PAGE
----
Leaping over sand dunes and ramming my car into an unsuspecting opponent all while unloading my machine guns is the absolute height of car vs. car PvP. My enemy attempts to escape despite having four flat tires and a broken radiator. I fire off my final cannon round and am rewarded with a satisfying explosion and rain of miscellaneous car bits and pieces.
Crossout honestly takes the theme and atheistic of the Mad Max films and brings it to an absolutely fantastic car brawler. The grittiness of the terrain. Every vehicle looking like it is honestly an amalgamation of random car parts found in a junk yard. It’s just so good. In fact, it even has several PvE modes too for those times you want to play but maybe not stress out.
A few weeks back I decided to check out a recently released early access game called KEO, which on paper is very similar to Crossout. KEO is looking to be a good game. There were a lot of things to like about what the team has put together over there, and I am looking forward to seeing where the game will go. However, it is truly an early access game, so development is still ongoing. So, while I was still in the mood for more car battles, I thought I’d take a look and see if there are any others out there. Crossout conveniently presented itself to me.
Crossout was released on Steam in July 2017. It’s already a fully fleshed-out game with a ton of combat modes, customization, vehicle and weapon combinations, and so much more. I don’t think KEO and Crossout are attempting to be the same game. But until KEO has had more time to fully bake, if you’ve got any interest in a Twisted Metal type of brawler, then you have to check out Crossout.
The tutorial is almost perfect
Crossout doesn’t mess around with a full step-by-step tutorial system. Instead, you get a series of quests that are displayed as small chat windows that pop up and highlight the option to click to begin playing. Immediately, you’re sent to a Team Annihilation-style arena to figure it out. While you compete, you’ll see some tips pop up to get you oriented, but everything you need to know falls into place right away. Forward, backward, steer left and right, and pull the trigger to shoot – let’s gooooooo!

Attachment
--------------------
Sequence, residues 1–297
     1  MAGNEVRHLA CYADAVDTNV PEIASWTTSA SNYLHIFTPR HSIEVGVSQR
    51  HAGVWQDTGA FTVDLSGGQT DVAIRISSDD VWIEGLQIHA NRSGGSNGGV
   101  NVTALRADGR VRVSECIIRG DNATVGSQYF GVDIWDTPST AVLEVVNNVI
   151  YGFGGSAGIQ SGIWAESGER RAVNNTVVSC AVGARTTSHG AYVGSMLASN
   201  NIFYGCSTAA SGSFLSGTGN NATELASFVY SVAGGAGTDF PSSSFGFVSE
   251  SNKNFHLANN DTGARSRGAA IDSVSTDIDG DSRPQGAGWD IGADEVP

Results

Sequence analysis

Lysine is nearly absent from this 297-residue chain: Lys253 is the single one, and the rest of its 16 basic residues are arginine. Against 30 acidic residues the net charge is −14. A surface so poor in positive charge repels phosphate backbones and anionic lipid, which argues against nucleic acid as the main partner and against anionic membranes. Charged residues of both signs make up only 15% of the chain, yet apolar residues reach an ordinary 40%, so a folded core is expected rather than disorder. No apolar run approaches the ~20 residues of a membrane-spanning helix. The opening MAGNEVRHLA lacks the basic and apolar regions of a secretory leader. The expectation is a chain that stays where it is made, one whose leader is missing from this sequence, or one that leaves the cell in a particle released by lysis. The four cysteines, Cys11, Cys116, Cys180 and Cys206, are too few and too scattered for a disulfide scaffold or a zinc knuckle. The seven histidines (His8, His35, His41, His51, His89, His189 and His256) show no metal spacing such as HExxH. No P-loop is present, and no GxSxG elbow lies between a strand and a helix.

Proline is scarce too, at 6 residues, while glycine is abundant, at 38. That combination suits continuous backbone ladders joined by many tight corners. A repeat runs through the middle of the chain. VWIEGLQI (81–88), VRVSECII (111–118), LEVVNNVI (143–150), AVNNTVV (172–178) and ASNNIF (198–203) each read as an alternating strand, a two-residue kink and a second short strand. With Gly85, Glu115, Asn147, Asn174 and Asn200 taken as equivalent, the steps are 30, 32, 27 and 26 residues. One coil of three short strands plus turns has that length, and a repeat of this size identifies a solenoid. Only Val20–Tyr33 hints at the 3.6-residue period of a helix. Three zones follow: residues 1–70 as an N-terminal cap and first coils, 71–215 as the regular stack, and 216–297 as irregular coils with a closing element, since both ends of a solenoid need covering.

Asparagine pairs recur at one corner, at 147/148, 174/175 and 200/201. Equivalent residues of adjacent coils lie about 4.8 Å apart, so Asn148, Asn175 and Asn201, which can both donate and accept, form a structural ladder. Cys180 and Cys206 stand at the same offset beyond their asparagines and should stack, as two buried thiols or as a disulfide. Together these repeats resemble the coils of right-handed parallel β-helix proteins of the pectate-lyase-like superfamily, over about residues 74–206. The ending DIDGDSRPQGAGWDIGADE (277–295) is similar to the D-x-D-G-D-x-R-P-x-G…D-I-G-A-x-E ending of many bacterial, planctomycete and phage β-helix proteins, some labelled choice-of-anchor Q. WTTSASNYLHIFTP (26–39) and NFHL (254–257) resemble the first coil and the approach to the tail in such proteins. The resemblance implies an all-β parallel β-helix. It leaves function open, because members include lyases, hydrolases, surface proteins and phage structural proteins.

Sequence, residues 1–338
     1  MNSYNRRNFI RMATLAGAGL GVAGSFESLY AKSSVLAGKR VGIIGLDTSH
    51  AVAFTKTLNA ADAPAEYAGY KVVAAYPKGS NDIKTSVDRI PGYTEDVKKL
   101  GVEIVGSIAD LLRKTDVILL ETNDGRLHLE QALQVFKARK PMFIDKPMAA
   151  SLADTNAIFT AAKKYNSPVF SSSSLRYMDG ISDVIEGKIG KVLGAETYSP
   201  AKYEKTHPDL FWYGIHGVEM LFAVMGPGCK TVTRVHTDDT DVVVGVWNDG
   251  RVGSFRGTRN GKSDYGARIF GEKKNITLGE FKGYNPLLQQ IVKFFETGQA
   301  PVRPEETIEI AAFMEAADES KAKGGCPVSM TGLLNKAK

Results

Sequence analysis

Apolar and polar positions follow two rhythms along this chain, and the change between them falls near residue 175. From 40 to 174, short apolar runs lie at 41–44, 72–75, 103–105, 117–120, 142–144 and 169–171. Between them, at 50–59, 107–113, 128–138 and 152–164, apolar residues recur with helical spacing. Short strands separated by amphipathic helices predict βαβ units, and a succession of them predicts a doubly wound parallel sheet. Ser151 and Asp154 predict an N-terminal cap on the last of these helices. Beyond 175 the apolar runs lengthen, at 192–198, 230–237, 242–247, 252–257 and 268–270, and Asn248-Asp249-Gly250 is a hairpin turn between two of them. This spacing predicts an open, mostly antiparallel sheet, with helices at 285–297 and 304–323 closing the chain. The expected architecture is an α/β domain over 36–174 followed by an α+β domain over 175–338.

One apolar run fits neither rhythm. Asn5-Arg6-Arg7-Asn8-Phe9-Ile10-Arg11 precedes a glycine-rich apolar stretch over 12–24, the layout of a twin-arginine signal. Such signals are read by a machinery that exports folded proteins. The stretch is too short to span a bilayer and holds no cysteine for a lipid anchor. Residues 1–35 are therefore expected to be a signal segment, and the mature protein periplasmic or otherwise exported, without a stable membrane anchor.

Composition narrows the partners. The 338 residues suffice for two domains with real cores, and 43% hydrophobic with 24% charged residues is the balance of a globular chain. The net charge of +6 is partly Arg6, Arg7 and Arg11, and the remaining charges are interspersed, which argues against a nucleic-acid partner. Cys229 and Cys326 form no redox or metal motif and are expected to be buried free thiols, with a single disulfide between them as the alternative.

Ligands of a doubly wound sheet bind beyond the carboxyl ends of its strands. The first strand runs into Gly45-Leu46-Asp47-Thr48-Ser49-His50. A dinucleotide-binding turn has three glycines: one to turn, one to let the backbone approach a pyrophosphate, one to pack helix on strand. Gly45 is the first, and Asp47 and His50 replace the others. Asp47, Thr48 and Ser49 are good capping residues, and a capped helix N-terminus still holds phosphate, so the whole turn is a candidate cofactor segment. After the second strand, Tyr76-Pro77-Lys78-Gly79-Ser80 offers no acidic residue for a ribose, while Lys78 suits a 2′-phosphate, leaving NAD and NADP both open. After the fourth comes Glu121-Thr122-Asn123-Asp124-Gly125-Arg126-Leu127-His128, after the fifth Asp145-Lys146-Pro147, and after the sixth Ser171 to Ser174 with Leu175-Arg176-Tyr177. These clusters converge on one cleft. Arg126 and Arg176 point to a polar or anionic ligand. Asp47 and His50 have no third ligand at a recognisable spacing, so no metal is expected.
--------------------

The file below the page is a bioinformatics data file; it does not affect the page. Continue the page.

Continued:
Typically, I prefer games that have a slower tutorial setup. Nothing triggers my rage-quit reflex quicker than getting pwned while I’m still trying to figure out the controls to a game. Yet in Crossout, there are breadcrumbs to learn to play even as you play, which somehow works here.
Part of the reason behind that, I suspect, is the system for grouping players in a fight. The different equipment and parts on your car will increase your overall power level (how exactly is still a bit opaque to me). It’s basically your gear score. Since you’ve just begun playing, you’ll be using only the weakest and base-level gear. This means all your opponents (and allies of course) have a similarly low gear score. So not only can you feel competitive in your first fight, but you can even be useful and contribute to the win.